Over a two year period from 2010 to early 2012, the LAX Crime Task Force received multiple reports of grand theft (Penal Code § 487) from the same airline terminal involving the same airline. In each case, the individual checked in his or her luggage for baggage screening or loading, only to later find it missing items.
Without All the Details, What Happened?: Airport Courthouse, airline employee accused of stealing hundreds of thousands of dollars in passenger property, resolved for one year house arrest.
The items were most often high-end photographic equipment (lenses, AC adapters, lens filters, light stands, camera cables, batteries), but also included cash, expensive sunglasses, laptop computers and suitcases.
It is well-known that many individuals, for insurance claims, report the theft or damage of items from airport personnel when nothing of the sort happens at all or the items were already damaged. Consequently, LAX police acted with skepticism and caution in responding to the reports.
Finally, in 2012, after a lengthy investigation involving eBay sales of such items, police served two search warrants on our client’s home and found over 330 items in boxes, neatly arranged. Some of the items still had luggage tags on them. Police also found a gun and over $100,000 in cash.
Our client was immediately arrested. He faced the possibility of dozens of counts of grand theft, as some of the lenses were worth over $20,000 each. A co-worker was also arrested and immediately confessed to the conspiracy, even providing police with his cellphone showing multiple text messages wherein our client and him would coordinate the thefts and then take the stolen property from the airport and eventually, sell it on eBay through an alias.
Our client, age 38, had a minor prior record. He was charged with just one count of felony grand theft and one count of felony receiving stolen property. Two other individuals were also charged with similar offenses. Our client faced a maximum of six years in state prison, but it was well understood that the prosecution could amend the complaint to allege dozens of additional charges.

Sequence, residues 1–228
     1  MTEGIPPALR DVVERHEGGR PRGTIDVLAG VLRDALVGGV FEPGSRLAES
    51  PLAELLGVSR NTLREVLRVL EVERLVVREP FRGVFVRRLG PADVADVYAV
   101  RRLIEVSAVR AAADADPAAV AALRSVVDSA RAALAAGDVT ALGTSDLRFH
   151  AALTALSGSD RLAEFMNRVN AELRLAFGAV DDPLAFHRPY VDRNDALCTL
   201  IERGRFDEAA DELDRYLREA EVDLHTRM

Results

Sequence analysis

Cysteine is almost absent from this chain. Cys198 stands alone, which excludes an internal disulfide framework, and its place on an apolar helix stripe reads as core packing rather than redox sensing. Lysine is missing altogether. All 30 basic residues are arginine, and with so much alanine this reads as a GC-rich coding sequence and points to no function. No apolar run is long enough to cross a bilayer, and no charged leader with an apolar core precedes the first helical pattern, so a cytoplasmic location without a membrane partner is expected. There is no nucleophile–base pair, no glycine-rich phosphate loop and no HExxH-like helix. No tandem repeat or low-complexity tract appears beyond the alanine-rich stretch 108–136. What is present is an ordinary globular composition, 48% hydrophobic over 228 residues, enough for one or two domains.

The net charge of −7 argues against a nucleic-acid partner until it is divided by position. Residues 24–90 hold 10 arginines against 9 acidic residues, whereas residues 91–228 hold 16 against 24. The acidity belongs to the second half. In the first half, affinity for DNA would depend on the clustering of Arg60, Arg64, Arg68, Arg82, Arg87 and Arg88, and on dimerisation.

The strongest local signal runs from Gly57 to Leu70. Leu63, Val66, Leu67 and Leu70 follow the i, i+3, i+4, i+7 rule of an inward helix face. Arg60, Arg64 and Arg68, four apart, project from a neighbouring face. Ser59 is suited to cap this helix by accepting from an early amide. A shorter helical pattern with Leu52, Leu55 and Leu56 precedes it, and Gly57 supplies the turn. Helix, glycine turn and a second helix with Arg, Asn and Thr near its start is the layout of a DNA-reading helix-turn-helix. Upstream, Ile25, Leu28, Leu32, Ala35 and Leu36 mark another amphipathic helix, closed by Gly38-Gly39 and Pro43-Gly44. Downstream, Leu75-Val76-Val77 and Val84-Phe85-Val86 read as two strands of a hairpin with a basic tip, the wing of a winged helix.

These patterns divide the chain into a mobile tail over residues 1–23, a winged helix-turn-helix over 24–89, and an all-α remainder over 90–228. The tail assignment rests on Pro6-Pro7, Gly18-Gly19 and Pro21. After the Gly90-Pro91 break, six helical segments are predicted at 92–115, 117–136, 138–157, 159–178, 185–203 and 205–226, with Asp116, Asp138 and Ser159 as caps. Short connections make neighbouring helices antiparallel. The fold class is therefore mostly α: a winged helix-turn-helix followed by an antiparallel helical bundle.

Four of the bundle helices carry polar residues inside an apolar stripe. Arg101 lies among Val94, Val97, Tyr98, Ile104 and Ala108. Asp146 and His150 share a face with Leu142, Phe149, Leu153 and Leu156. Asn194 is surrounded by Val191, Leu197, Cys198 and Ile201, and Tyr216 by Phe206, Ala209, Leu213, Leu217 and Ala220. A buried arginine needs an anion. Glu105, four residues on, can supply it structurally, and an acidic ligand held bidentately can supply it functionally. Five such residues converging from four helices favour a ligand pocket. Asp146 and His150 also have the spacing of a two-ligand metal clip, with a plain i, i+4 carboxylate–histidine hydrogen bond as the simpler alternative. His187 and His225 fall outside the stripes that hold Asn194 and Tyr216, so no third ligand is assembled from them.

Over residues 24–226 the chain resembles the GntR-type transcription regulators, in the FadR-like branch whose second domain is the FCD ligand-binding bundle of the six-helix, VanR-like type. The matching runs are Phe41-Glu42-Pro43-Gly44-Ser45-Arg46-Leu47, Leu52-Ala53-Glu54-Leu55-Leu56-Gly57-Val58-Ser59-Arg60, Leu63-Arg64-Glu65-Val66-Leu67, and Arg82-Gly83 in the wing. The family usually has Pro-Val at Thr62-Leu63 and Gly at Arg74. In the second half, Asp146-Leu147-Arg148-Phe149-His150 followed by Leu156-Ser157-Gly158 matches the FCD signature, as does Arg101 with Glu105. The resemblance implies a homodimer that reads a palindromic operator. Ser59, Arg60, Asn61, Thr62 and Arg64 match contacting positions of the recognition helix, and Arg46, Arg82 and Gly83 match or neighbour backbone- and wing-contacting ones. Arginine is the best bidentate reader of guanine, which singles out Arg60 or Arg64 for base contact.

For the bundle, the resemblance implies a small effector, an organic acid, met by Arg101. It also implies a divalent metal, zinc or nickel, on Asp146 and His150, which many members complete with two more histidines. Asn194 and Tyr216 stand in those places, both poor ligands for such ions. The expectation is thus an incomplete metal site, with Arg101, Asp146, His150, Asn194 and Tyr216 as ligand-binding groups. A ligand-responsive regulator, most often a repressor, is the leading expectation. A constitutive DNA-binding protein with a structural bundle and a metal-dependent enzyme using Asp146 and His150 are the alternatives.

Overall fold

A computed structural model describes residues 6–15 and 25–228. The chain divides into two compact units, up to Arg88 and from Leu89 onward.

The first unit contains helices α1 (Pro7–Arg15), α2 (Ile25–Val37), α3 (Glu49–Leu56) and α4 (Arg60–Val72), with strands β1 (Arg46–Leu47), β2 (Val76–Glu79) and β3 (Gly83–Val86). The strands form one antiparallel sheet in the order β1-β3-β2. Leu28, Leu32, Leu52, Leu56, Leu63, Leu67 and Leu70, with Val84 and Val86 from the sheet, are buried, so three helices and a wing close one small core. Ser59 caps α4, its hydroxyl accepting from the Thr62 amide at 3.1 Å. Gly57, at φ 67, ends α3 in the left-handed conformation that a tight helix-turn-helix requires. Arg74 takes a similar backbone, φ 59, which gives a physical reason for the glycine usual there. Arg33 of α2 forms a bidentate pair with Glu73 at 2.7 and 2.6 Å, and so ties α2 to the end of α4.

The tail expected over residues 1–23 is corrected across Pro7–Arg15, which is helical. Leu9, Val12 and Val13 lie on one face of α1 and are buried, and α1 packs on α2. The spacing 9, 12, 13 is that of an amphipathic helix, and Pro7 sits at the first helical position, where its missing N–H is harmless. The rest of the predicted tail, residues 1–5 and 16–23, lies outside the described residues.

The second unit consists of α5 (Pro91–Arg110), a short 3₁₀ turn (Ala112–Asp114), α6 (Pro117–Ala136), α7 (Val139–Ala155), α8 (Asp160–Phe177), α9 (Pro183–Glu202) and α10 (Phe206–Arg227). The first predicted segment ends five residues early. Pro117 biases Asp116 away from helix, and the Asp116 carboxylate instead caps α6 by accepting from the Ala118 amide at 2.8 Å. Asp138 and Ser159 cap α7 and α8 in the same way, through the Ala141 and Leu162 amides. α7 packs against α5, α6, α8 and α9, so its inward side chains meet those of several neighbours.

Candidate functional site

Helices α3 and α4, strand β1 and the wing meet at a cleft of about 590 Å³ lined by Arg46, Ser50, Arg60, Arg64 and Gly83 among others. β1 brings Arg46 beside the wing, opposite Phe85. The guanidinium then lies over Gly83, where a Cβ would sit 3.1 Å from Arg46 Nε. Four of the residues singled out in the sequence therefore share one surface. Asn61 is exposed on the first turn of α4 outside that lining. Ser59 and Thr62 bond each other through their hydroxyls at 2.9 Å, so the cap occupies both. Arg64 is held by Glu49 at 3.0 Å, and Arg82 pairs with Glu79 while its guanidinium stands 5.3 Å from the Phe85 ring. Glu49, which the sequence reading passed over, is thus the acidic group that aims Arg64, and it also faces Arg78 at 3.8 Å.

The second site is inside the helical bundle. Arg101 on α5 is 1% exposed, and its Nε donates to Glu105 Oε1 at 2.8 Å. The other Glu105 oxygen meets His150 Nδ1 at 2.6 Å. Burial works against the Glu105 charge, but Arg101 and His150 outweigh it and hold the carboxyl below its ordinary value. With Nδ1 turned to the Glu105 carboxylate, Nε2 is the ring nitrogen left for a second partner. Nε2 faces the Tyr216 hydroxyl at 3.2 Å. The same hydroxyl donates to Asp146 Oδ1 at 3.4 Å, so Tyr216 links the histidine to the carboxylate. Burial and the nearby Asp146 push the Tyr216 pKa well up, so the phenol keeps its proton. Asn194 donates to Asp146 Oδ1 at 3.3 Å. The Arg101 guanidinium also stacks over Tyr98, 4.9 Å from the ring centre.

Yet the prosecution had significant problems of proving the items belonged to anyone but our client. For example, almost no one who reported missing items could provide serial numbers for the stolen items. And of those who did report such details, such items were not found in our client’s possession. Moreover, our client’s wife was a self-described hoarder and garage sale enthusiast. Also, our client was a photography fanatic and did legitimately sell and buy photography equipment on his own legally. He also had recently sold a home in Atlanta, resulting in a large capital gain, which could explain the large sum of cash he had.
The client first hired another attorney, who did not notice that of the items found at our client’s home, absolutely not one of the items matched items reported stolen. However, the other attorney reported that such items were found. The attorney did not show the client the police report at all.
The client then entered into a plea bargain wherein he agreed to serve 365 days in County Jail, but imposition of the sentence was suspended.
The client then came to Greg Hill & Associates to see if he could withdraw his plea. As the sentence had not been imposed yet, Greg Hill replied that indeed the client could.
Greg then substituted in as counsel and received the police report from the client’s first counsel. Greg gave the client a copy of the report. Greg and the client then realized that the supposed factual basis for the plea was mistaken, so Greg did file a motion to withdraw the plea.
Airport Superior Courthouse
The District Attorney read the motion and realized the issue. The judge also read the motion and without ruling on the motion, indicated that there seemed to be merit to withdrawing the plea, but simultaneously commented that the one year deal was ridiculously lenient for the apparent volume of theft discovered.
The DA then hinted that if our client was successful in withdrawing his plea, he would amend the complaint to allege up to twenty counts of grand theft and receiving stolen property. Instead, he suggested we withdraw the motion in exchange for an agreement that our client could serve his county jail time via electronic home monitoring in his home.
As our client had a bed-ridden mom who required our client’s constant attention, our client accepted the modification of his plea bargain.
He was pleased to be available for his mom, although he and Greg Hill knew if they had pushed the case further, even to trial, the proof problems for the prosecution might even result in a not guilty verdict.
For more information about the issues in this theft offense case summary, click on the following articles:
- What Is a Preliminary Hearing?
- What Is a “Trial Tax?”
- Electronic Home Monitoring – How Do I Request This and Do I Get Good Conduct Credits while Serving Time at Home?
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